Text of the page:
With the 44th Parliament opening on Tuesday, the next phase of the Abbott government begins. Already we’re seeing its early modus operandi, including its sometimes losing battle to control and often hide information and to keep discipline, and the first indications of good and bad performers.
There are two narratives currently running about the government.
One is that not much is happening. This bobs up from time to time in the media, still weaning themselves off the hung parliament. The other is how everything is orderly. That’s the government’s story line, maintained even when there is blinding evidence to the contrary.
In fact, quite a lot is happening, and some things are going awry.
In style, Tony Abbott appears genuinely consultative with his ministerial colleagues. While there is a formal leadership group, there is no sign of a Rudd-like preference for a small “kitchen cabinet”. Abbott is said to work the phone a lot with senior colleagues, including those he knows might have a different view on issues.
Addressing the West Australian Liberal state council on Saturday, Abbott highlighted a rather arcane point about process: that he is imposing the “Westminster tradition” (often previously honoured in the breach) that cabinet submissions must be in 10 days before they are discussed. “If the various experts don’t have time to chew over all the consequences of these proposed decisions, invariably you end up getting important details wrong.”
Although senior colleagues’ influence rises once in government, particularly on policy, Abbott’s chief of staff Peta Credlin retains her great clout. Combined with her high profile, this makes Credlin a dartboard for ministers, MPs and staff with grouches, especially about process issues.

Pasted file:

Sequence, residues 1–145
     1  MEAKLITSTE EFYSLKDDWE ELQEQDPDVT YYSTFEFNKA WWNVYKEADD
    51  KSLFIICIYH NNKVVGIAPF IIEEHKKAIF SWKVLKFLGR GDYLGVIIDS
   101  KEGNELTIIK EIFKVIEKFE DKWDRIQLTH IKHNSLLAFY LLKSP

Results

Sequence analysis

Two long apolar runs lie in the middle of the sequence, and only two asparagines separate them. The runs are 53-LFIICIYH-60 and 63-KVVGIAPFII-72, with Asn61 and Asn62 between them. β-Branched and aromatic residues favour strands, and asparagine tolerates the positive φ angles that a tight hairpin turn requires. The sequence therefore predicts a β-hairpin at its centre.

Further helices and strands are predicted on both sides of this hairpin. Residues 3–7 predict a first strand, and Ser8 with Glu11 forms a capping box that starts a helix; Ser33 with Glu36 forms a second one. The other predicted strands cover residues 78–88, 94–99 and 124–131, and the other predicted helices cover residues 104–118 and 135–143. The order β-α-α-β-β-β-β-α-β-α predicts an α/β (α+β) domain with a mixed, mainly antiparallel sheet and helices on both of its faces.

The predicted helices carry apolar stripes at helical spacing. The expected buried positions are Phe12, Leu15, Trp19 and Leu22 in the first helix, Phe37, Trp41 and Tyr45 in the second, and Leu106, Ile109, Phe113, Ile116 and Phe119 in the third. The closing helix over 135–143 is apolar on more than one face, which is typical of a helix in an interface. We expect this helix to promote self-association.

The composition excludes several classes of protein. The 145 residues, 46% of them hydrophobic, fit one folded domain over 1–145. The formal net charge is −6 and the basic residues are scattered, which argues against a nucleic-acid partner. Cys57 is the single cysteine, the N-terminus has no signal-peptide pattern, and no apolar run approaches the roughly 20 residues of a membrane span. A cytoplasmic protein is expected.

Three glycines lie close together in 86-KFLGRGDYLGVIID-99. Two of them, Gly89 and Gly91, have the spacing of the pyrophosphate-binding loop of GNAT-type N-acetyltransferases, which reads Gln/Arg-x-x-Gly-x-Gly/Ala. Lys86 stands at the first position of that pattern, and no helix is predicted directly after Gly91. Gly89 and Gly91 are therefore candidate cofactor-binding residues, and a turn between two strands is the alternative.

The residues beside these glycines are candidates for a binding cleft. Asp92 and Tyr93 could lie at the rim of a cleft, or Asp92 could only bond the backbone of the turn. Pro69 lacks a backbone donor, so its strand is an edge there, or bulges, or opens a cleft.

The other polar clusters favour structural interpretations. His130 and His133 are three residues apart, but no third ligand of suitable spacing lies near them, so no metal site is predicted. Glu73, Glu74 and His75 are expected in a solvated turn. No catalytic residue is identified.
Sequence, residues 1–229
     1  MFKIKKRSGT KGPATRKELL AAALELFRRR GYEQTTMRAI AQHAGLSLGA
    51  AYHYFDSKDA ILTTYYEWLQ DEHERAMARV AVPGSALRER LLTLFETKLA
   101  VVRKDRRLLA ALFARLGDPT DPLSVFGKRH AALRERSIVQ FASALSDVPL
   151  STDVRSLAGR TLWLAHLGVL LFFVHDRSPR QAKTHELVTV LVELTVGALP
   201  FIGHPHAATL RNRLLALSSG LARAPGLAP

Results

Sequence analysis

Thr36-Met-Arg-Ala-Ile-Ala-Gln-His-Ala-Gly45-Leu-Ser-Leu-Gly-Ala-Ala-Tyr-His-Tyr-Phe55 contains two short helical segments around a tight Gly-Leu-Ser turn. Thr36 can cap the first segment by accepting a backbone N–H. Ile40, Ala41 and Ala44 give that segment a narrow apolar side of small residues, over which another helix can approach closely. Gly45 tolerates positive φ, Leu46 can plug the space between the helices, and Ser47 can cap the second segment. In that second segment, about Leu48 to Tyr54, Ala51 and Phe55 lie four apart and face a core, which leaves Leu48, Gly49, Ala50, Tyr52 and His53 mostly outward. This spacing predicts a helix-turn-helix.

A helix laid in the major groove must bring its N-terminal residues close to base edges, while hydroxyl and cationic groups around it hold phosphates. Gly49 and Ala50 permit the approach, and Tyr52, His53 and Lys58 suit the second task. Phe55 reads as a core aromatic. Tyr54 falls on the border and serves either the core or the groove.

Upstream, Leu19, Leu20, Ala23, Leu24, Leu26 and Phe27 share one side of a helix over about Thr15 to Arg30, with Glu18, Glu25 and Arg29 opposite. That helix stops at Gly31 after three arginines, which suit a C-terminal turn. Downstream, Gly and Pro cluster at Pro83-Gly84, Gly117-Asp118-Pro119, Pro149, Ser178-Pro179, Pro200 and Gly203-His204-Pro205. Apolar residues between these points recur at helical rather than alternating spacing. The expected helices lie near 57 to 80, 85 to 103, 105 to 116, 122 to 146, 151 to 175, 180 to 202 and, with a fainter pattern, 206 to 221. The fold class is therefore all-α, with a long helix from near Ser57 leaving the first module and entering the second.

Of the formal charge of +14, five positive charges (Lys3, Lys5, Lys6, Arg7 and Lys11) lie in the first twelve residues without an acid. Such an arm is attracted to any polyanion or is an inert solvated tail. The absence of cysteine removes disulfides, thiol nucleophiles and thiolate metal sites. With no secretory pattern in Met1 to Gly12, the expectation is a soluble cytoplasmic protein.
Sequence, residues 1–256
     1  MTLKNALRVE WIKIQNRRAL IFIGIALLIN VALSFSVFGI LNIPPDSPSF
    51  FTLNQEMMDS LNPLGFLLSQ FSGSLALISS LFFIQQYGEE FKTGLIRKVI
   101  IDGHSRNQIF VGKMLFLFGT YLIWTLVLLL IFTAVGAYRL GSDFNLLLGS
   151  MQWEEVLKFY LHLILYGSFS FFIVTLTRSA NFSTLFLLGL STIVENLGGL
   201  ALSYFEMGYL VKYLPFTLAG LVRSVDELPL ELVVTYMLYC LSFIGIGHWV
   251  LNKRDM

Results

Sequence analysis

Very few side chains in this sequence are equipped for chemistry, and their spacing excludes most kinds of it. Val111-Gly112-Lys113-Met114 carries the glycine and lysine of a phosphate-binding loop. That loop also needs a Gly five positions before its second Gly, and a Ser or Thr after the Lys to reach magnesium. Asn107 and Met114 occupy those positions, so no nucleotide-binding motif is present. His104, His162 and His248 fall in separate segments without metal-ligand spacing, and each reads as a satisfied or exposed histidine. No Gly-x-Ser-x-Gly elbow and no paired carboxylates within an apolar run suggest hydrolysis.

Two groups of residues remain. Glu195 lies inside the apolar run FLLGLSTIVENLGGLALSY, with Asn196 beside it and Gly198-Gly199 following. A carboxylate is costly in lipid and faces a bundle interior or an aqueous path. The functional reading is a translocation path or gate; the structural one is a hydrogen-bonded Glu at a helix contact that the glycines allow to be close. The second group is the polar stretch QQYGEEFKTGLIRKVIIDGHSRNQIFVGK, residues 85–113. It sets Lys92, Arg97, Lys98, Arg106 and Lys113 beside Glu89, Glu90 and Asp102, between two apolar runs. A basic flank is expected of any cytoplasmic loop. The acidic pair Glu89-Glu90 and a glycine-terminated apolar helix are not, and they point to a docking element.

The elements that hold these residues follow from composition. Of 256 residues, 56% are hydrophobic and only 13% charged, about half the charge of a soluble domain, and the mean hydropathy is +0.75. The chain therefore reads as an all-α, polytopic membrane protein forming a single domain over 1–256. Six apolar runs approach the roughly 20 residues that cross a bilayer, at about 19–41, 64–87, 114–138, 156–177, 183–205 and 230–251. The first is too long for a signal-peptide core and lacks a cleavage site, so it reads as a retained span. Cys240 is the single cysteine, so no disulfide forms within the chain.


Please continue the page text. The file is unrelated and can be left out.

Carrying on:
The government’s aim has been to start quite a lot moving, while projecting an image (as Abbott said in WA) that “we are calmly, purposefully, methodically getting on with doing exactly what we said we would do in the campaign”.
Abbott is preoccupied with being seen to be delivering on election commitments, most notably repealing the carbon tax, the first legislation to be introduced this week.
In a social media message on Sunday night he said: “This is my bill to reduce your bills”. In his constant references to the carbon tax he also wants to score to the maximum off Bill Shorten and Labor for holding up the repeal.
Much-remarked features of the new government are its tight control of the information it provides and its penchant for secrecy. But these are proving more troublesome and difficult than expected.
“It’s more important to be involved in governing our country than it is simply to be giving endless interviews which are all about glorifying politicians rather than about doing the right thing by the people of Australia,” Abbott told the WA Liberals.